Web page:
When looking at city centre to city centre transport time, tests show the Airlander to be only a little slower than a plane, but on the other hand, the CO2 footprint of the journey is significantly reduced, or even eliminated.
He goes on to stress that the form of city centre to city centre transport that the Airlander can offer will be especially well-suited to cities located next to water bodies on which the Airlander can land. As the Airlander needs very little in terms of landing infrastructure – a plain area of around 600 metres to take off and land on and mast to moor to are all it takes – there is also a reduction in terms of the CO2 footprint of the built structure compared to the runways and airports of aeroplanes.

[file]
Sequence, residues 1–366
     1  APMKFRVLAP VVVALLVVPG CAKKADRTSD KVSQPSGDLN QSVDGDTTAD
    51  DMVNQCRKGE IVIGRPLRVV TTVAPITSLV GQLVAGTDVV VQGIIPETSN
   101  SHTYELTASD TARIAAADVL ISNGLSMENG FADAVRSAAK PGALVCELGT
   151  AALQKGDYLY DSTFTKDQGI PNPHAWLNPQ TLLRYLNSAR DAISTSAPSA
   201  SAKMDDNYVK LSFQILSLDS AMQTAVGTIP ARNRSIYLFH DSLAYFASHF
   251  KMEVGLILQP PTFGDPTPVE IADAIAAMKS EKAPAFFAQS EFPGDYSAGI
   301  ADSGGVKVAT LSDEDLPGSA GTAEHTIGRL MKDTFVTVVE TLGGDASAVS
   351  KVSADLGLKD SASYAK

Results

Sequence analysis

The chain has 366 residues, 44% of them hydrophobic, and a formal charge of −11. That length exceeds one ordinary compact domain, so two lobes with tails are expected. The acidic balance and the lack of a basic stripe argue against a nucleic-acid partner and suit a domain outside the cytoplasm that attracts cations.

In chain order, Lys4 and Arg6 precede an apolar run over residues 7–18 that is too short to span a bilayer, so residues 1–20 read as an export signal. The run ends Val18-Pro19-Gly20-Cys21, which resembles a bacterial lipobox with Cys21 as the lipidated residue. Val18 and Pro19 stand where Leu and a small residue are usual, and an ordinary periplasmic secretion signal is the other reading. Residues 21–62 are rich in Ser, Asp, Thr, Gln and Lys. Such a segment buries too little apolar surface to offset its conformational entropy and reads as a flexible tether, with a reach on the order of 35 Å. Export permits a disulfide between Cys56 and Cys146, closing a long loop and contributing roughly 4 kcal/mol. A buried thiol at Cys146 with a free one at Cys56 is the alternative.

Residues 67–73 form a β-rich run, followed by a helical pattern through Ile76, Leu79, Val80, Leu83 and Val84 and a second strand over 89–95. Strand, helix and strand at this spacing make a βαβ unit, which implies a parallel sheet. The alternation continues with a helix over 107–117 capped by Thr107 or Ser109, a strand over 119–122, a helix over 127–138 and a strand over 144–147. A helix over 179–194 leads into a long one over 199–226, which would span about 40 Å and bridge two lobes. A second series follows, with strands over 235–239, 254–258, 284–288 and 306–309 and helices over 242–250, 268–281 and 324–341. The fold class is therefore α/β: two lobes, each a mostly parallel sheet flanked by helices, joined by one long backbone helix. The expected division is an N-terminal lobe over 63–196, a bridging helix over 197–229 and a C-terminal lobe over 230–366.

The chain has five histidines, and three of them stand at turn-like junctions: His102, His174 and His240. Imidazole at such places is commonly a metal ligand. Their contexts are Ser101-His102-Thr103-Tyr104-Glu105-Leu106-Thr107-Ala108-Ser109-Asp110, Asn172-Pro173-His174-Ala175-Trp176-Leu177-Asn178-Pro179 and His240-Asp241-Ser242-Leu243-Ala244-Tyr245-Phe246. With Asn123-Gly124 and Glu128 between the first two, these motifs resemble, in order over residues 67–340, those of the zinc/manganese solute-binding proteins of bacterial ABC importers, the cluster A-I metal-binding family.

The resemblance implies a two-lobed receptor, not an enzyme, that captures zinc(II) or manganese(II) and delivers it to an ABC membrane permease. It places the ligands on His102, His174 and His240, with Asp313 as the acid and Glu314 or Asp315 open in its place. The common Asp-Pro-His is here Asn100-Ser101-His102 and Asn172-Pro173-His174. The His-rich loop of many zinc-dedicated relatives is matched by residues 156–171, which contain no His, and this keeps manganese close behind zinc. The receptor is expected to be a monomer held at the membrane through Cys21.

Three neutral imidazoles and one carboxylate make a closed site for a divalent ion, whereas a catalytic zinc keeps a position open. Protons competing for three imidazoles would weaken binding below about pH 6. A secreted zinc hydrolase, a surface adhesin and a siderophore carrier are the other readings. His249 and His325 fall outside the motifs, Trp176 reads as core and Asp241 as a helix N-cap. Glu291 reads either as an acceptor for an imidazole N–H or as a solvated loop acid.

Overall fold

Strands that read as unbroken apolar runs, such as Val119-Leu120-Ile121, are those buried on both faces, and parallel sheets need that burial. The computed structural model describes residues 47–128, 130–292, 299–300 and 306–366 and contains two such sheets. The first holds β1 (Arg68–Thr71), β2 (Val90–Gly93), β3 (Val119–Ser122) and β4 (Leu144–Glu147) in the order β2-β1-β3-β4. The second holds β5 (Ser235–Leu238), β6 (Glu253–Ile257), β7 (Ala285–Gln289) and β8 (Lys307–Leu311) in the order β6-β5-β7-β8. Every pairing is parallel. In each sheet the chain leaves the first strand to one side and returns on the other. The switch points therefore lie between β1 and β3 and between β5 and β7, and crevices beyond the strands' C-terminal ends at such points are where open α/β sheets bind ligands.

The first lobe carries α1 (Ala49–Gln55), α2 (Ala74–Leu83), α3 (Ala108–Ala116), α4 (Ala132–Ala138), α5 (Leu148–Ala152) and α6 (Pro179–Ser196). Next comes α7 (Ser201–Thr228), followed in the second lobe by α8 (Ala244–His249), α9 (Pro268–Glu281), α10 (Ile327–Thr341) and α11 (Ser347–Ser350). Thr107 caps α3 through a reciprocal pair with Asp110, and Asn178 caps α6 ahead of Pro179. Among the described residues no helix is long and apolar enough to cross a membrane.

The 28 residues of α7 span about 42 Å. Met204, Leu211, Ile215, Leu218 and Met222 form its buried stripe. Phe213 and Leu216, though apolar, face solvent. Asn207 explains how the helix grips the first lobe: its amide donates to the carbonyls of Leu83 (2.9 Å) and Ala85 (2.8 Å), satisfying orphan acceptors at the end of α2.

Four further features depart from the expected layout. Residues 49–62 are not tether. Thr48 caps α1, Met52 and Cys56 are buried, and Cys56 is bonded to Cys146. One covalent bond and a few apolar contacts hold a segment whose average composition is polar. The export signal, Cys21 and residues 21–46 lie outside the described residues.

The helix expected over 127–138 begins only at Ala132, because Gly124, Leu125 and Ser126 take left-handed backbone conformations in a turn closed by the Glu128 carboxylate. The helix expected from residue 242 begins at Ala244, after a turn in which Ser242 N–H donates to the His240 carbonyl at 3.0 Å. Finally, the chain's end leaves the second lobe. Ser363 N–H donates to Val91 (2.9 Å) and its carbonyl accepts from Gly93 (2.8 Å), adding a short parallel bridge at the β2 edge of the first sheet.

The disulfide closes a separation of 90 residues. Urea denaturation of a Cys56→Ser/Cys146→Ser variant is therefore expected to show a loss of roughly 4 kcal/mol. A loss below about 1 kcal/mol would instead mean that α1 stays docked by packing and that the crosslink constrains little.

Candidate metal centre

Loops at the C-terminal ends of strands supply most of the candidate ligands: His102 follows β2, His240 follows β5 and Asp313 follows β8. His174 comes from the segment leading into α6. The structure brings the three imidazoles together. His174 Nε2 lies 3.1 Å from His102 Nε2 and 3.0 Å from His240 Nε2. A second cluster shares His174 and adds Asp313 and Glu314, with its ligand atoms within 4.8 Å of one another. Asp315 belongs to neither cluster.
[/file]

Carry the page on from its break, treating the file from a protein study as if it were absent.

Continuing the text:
Of course, a clean conscience may not be enough to persuade all passengers, but even travellers who perhaps don’t pay much attention to their carbon footprint may still be swayed by the Airlander’s charms. On top of being much more CO2 efficient than planes, it is also more comfortable. Travelling at a typical altitude of 6-8,000 feet, the aircraft is not pressurised, which provides a more pleasant and comfortable travel environment. Moreover, as the engines and propellers of the aircraft will be about 60 metres away from passengers, the noise level will also be significantly reduced. Lastly, the aircraft’s spacious payload structure – the full-length main cabin (excluding flight deck) comprises 2,100 square feet of floor space – offers air operators great flexibility in terms of layout. “In air, passengers will also have a tremendous view of the ground, with panoramic windows, and there will be no vibration and little noise. It will be a very serene way of flying, and space wise it will be much like a premium environment, so again you might be in the air a little longer, but it will be a much more pleasant environment to be in,” stresses Durham.